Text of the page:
UFA Decisions considers the unrestricted free agents on the Oilers’ roster, starting with the most expensive and working down. Today we consider Aaron Johnson.
Aaron Johnson has had a nomadic start to a career that will likely continue in the same vein. He was originally a third round pick by Columbus, but he has also had stints with the Islanders, Blackhawks, Flames and Rangers.
Johnson was drafted out of the QMJHL, where he spent four seasons before making the jump to the professional level. Back in his draft year, there was a lot to like; he brought fair size to the table along with a willingness to play a rough game and he was an effective if unconventional skater. He also possessed intriguing offensive upside; he scored 53 points in his draft year and would eclipse the point-per-game mark before leaving junior. He also had drawbacks: his defensive zone coverage was not especially good and he could get caught chasing the puck.
Johnson made his NHL debut just before the lockout, and served the Blue Jackets as a reserve defenceman before establishing himself as a regular in 2006-07. He’s a solid third-pairing guy; he passes the puck well enough and his weaknesses aren’t exposed as long as his minutes and opponents are managed. During his brief post-deadline stint with the Oilers, he was asked to step into a more difficult role and the results were uneven – the offensive flair was there but it was easy to see the defensive struggles that have made him a journeyman.
Still, as I said, used in a limited role Johnson can be an asset. Chicago used him sparingly last season with good results, and he’s actually a plus-13 over his NHL career, which is a very respectable number for someone who has spent most of his NHL minutes as a bottom-pairing defenceman on bottom-feeding teams (aside from that one season in Chicago, Johnson has never played for a playoff team).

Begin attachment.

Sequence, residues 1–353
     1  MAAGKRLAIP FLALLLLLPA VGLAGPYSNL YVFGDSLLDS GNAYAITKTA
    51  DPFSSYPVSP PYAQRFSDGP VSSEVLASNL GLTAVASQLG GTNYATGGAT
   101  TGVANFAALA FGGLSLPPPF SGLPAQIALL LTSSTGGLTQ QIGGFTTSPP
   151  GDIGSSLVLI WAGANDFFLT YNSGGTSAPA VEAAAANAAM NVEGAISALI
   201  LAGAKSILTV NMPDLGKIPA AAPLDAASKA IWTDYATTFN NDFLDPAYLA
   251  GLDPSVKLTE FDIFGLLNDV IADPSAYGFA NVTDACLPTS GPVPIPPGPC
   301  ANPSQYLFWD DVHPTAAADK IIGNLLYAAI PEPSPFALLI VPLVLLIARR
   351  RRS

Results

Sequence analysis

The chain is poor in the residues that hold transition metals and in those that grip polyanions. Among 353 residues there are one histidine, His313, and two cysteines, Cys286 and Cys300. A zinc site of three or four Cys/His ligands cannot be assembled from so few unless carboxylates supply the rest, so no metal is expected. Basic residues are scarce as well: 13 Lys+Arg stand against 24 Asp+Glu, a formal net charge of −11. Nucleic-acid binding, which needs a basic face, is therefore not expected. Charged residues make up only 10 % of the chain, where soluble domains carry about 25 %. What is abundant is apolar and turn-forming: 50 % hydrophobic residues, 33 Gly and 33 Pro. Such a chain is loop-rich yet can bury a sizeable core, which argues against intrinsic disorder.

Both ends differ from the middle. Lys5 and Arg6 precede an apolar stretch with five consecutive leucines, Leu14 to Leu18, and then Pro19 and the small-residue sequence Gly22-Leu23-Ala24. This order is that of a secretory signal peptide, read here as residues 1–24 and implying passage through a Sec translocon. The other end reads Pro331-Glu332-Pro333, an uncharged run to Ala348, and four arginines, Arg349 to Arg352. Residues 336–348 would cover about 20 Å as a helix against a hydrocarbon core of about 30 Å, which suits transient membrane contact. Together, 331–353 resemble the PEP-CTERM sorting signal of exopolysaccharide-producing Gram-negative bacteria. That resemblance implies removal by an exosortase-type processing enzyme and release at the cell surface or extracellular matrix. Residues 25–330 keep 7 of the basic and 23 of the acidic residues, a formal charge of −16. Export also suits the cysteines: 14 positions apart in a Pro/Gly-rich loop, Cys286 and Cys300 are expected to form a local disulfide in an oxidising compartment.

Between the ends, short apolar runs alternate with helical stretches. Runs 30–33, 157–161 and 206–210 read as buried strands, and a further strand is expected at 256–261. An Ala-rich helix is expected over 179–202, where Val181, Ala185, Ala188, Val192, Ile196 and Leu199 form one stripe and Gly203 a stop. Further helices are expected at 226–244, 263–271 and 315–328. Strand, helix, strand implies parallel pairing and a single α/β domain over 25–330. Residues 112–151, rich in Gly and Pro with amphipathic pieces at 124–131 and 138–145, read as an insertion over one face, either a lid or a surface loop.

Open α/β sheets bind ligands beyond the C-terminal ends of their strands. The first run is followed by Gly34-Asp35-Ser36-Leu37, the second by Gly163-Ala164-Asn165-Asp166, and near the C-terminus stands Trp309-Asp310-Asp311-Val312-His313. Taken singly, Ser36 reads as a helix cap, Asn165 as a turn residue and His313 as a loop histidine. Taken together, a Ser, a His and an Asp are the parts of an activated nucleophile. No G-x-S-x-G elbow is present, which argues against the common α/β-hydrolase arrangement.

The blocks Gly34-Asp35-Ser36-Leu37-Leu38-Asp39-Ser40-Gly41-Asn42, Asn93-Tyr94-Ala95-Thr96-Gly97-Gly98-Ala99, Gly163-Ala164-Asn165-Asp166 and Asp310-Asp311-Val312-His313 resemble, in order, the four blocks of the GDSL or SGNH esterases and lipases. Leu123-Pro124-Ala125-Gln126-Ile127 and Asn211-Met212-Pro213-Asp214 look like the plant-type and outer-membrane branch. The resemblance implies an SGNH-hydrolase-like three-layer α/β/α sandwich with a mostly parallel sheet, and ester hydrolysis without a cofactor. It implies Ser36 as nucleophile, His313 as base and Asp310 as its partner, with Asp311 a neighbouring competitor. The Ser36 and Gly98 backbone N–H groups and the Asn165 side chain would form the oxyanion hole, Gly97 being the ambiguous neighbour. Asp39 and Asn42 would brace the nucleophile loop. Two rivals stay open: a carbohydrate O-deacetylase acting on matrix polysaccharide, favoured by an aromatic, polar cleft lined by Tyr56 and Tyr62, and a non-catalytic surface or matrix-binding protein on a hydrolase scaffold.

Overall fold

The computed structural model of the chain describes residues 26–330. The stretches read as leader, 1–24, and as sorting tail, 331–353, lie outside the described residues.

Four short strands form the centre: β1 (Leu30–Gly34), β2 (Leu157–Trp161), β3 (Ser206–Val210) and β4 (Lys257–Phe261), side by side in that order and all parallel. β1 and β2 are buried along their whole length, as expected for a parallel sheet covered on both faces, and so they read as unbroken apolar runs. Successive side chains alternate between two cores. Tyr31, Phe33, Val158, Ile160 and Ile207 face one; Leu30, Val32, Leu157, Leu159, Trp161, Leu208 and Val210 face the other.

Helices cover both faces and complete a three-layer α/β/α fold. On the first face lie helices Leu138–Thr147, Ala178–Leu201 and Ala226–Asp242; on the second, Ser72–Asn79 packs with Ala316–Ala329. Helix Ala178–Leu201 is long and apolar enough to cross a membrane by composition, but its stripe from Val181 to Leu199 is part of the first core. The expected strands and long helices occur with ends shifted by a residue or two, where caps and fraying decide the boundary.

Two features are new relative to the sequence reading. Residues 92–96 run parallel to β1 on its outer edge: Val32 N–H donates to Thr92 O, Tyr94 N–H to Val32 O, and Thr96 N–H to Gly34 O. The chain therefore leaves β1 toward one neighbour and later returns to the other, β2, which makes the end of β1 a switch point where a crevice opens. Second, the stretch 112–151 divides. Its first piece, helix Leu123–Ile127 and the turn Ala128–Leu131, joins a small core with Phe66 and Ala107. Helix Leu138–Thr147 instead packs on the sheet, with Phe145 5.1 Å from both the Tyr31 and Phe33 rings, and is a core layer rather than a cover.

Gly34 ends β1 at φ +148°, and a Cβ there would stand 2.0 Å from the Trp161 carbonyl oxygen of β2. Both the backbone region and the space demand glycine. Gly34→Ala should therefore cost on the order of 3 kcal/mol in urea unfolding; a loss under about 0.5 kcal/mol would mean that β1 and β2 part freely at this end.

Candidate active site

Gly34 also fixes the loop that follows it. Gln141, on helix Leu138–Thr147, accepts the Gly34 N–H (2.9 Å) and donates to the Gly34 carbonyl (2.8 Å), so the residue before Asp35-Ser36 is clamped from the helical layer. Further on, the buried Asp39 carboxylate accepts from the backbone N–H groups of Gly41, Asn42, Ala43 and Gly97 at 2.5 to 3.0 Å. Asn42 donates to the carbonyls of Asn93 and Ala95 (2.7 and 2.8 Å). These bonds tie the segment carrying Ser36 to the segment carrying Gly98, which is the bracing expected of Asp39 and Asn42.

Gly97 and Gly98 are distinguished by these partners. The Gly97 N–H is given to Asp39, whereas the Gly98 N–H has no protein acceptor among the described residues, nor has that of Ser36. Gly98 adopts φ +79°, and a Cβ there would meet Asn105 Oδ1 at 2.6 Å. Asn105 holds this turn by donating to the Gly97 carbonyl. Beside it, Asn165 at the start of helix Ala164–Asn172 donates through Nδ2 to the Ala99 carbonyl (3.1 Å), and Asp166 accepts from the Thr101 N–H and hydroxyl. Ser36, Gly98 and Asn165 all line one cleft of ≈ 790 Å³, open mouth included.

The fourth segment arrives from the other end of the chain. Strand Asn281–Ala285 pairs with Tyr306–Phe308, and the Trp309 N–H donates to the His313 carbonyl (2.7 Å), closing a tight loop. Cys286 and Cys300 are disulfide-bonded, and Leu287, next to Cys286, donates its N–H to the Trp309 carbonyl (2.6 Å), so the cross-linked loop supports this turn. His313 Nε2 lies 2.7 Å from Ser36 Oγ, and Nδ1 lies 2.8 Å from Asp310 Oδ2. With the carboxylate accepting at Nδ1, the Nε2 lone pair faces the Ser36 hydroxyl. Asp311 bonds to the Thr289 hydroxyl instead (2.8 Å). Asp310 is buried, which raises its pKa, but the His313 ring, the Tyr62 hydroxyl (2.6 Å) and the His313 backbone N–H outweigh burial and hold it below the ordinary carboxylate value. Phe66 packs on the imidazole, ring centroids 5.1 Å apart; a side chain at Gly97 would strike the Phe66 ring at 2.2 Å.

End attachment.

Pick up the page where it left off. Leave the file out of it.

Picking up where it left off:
Johnson would undoubtedly be cheap to acquire; I imagine that an NHL-only contract at league-minimum would be enough to keep him in the fold. Last season, he was paid $500,000 and it was the first season of his career where he didn’t at least dip his toes in minor-league play.
What I’d Do As G.M.
I’m not wild about Johnson as a player; he’s now 27 and he hasn’t been able to file off the rough edges enough to deserve elevated ice-time with an NHL club. If he were able to do so, he might be a very useful asset – with increased ice-time, he could put up significant point totals for a defenceman.
That said, while I may not harbour much hope that Johnson can develop into the top-four defenceman, he’s a perfectly acceptable bottom-pairing player. He’s dirt cheap, and he’s better at the on-ice components of the job than either Jason Strudwick or the AHL players called up to fill out the roster next year.
In short, I might look around and see if there were other bottom-pairing guys more appealing, but if Johnson were willing to sign on for a league-minimum contract in exchange for a one-way deal, I’d gladly slot him into the number seven position on the depth chart. This would allow players like Peckham and Chorney to return to the AHL to start next season (given the way injuries work, at least one of them would be up in short order anyway) and give the Oilers a seventh man they could be comfortable seeing in a five or six role when the inevitable injuries hit.
What I Expect To Happen
It’s very difficult to know how the Oilers view Johnson; I haven’t seen much published either way, although there were a few positive articles early after he was acquired.
I expect Tambellini sees Johnson as an expendable part, and I suspect the Oilers will decide to keep Jason Strudwick around as seventh defenceman, and allow Johnson to go to free agency.